Is your blended family just like The Brady Bunch? Probably not, because it's noteasy to combine two Massachusetts families into a new unit. Welcoming a new spouse brings with it an explosion of stress-inducing newness, with new stepchildren, new rules, new demands, new religious practices and more. Though you'll have extra challenges as a blended family, creating a lovely, peaceful home is attainable.
The transition from an intimate partnership in which the parents share a personal relationship to the more distant co-parent relationship is difficult for many Massachusetts parents to manage. The difficulty is compounded because often each parent has different preferences and expectations for co-parenting.
When there are challenges around communication while co-parenting after a Massachusetts divorce or separation, a parenting plan, either court ordered or by parental agreement, can structure the ways in which co-parents will communicate about their child. Including communication terms in a parenting plan can help to deescalate conflict, decrease misunderstandings, ensure that both parents have access to vital information, and insulate children from exposure to adult conflict.
Through the collective work of a Massachusetts Task Force of judges, lawyers, probation officers and mental health professionals, a Model Parenting Plan has been created combining the latest research on the needs of children with the experience of professionals who have worked extensively with children and families going through divorce and separation.
Massachusetts fathers are spending more time caring for their children than they did a half-century ago. Still, most (63%) say they spend too little time with their kids and a much smaller share (36%) say they spend the right amount of time with them, according to a Pew Research Center survey conducted in August and September 2017.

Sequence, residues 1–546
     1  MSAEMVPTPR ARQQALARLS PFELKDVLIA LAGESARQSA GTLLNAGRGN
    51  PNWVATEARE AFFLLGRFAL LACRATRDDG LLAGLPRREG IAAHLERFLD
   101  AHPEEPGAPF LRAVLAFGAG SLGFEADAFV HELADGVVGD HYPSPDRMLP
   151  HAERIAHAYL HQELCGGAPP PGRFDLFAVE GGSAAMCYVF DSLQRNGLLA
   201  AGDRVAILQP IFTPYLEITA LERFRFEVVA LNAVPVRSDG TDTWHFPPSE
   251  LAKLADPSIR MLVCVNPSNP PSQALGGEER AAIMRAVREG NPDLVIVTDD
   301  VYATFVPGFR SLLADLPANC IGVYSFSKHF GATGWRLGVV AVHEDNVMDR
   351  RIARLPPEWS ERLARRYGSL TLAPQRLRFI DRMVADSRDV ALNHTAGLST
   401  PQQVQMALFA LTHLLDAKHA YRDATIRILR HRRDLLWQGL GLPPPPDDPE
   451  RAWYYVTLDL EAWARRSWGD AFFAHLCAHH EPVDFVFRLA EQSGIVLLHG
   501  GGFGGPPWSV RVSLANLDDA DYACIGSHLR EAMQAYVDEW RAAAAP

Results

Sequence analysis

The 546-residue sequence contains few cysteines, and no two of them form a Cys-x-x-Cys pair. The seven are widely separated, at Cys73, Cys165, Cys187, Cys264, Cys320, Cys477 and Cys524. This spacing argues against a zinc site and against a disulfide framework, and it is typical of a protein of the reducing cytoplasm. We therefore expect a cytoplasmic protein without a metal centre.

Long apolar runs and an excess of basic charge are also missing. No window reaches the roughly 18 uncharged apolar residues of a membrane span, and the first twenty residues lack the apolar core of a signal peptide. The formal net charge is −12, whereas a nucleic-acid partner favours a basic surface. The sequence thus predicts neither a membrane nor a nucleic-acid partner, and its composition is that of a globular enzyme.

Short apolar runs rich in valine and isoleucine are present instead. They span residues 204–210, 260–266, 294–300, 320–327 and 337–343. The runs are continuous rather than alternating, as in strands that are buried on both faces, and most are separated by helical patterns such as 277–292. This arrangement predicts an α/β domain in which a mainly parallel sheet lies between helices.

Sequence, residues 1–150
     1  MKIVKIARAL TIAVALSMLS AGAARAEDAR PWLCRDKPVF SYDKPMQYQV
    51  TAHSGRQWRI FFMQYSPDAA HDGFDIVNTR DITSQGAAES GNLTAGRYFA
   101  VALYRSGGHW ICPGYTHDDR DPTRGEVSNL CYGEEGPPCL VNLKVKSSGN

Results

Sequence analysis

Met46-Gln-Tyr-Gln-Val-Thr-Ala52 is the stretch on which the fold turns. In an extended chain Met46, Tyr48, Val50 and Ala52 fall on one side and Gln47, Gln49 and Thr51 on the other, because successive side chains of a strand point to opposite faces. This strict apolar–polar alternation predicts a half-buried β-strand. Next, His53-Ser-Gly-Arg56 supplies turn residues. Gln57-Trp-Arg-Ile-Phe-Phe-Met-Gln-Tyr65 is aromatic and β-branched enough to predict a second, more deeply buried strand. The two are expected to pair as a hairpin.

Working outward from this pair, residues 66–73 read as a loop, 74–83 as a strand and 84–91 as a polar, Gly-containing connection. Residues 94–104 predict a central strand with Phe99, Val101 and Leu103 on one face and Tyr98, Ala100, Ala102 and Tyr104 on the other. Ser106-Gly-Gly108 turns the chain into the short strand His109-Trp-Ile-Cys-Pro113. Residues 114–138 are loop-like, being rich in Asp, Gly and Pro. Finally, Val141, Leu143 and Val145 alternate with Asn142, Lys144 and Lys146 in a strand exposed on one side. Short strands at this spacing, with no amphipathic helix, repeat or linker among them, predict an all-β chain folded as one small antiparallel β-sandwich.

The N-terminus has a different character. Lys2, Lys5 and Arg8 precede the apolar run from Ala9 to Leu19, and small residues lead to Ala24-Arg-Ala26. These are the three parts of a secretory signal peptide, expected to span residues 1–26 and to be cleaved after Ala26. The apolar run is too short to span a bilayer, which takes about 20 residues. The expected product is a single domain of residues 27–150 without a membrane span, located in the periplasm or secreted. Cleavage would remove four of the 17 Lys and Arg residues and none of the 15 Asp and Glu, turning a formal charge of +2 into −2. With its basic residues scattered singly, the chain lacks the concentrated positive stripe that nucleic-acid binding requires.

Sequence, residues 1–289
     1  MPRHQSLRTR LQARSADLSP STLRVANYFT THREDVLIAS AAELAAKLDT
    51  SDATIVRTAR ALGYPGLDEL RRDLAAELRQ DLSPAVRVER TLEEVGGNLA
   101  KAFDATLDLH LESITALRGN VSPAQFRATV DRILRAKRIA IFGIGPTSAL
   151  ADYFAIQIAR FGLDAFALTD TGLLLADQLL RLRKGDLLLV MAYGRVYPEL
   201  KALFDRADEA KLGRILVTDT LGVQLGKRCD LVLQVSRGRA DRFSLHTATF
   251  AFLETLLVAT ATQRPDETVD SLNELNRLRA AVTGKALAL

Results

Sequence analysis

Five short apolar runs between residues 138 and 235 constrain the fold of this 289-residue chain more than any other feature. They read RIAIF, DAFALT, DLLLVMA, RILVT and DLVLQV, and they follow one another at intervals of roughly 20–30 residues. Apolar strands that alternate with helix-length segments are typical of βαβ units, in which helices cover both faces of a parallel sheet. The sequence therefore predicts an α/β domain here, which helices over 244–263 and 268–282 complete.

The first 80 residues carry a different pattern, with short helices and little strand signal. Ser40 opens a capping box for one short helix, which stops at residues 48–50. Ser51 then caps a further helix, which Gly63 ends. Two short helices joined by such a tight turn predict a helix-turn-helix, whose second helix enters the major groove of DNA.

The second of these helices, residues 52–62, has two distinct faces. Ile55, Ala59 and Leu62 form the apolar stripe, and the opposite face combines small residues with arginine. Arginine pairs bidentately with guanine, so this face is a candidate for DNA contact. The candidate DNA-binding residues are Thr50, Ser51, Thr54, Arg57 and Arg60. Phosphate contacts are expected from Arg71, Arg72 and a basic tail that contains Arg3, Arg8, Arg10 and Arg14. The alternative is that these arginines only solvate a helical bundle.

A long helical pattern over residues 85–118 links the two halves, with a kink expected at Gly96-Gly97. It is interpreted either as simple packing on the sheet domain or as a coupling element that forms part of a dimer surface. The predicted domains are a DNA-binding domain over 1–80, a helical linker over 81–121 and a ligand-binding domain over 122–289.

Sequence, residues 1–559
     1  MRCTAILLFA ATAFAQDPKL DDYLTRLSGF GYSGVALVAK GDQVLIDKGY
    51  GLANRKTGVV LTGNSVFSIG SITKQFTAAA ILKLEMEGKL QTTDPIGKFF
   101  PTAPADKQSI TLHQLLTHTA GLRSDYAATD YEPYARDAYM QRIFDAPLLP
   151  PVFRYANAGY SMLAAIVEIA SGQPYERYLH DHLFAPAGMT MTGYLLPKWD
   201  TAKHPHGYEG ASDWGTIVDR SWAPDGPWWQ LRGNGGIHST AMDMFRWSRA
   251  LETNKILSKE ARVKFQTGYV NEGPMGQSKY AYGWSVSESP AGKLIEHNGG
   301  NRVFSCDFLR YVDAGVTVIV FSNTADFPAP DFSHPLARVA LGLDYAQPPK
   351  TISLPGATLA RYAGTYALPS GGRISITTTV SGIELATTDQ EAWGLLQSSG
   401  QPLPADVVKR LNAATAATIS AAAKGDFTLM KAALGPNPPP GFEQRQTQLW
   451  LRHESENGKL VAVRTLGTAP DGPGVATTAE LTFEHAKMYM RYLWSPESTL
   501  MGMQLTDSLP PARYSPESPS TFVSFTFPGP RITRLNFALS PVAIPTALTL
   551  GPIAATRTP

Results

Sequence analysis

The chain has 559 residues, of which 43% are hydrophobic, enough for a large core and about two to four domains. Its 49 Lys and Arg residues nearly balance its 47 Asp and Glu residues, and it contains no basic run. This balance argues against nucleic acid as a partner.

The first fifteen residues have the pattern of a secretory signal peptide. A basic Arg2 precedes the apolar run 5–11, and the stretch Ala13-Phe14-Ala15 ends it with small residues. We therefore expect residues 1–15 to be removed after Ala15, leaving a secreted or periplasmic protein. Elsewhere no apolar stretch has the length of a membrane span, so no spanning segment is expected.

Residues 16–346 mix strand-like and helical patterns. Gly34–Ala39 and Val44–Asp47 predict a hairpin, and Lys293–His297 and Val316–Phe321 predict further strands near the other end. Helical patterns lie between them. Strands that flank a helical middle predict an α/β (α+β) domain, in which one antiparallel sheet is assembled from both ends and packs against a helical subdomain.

The share of U.S. children living with an unmarried parent has more than doubled since 1968, jumping from 13% to 32% in 2017. That trend has been accompanied by a drop in the share of children living with two married parents, down from 85% in 1968 to 65%. Some 3% of children are not living with any parents, according to a new Pew Research Center analysis of U.S. Census Bureau data.
Divorcing in Massachusetts may not result in the outcome many would hope for. If you're divorcing, most likely you would rather not be around your ex any more than necessary; yet, because children are shared with an ex, the door must remain open for communication and interaction to meet the children's needs. As much as we might wish to completely close the door on the past, we simply can't in these circumstances.
Finding the right arrangement for sharing custody with your former spouse isn't always easy in Massachusetts. When work schedules change, you or your spouse moves to a new location, or your child's after-school activities change, you may need to renegotiate how your time with your child is shared. While Massachusetts courts consider applications to modify custody, these applications are not easily granted.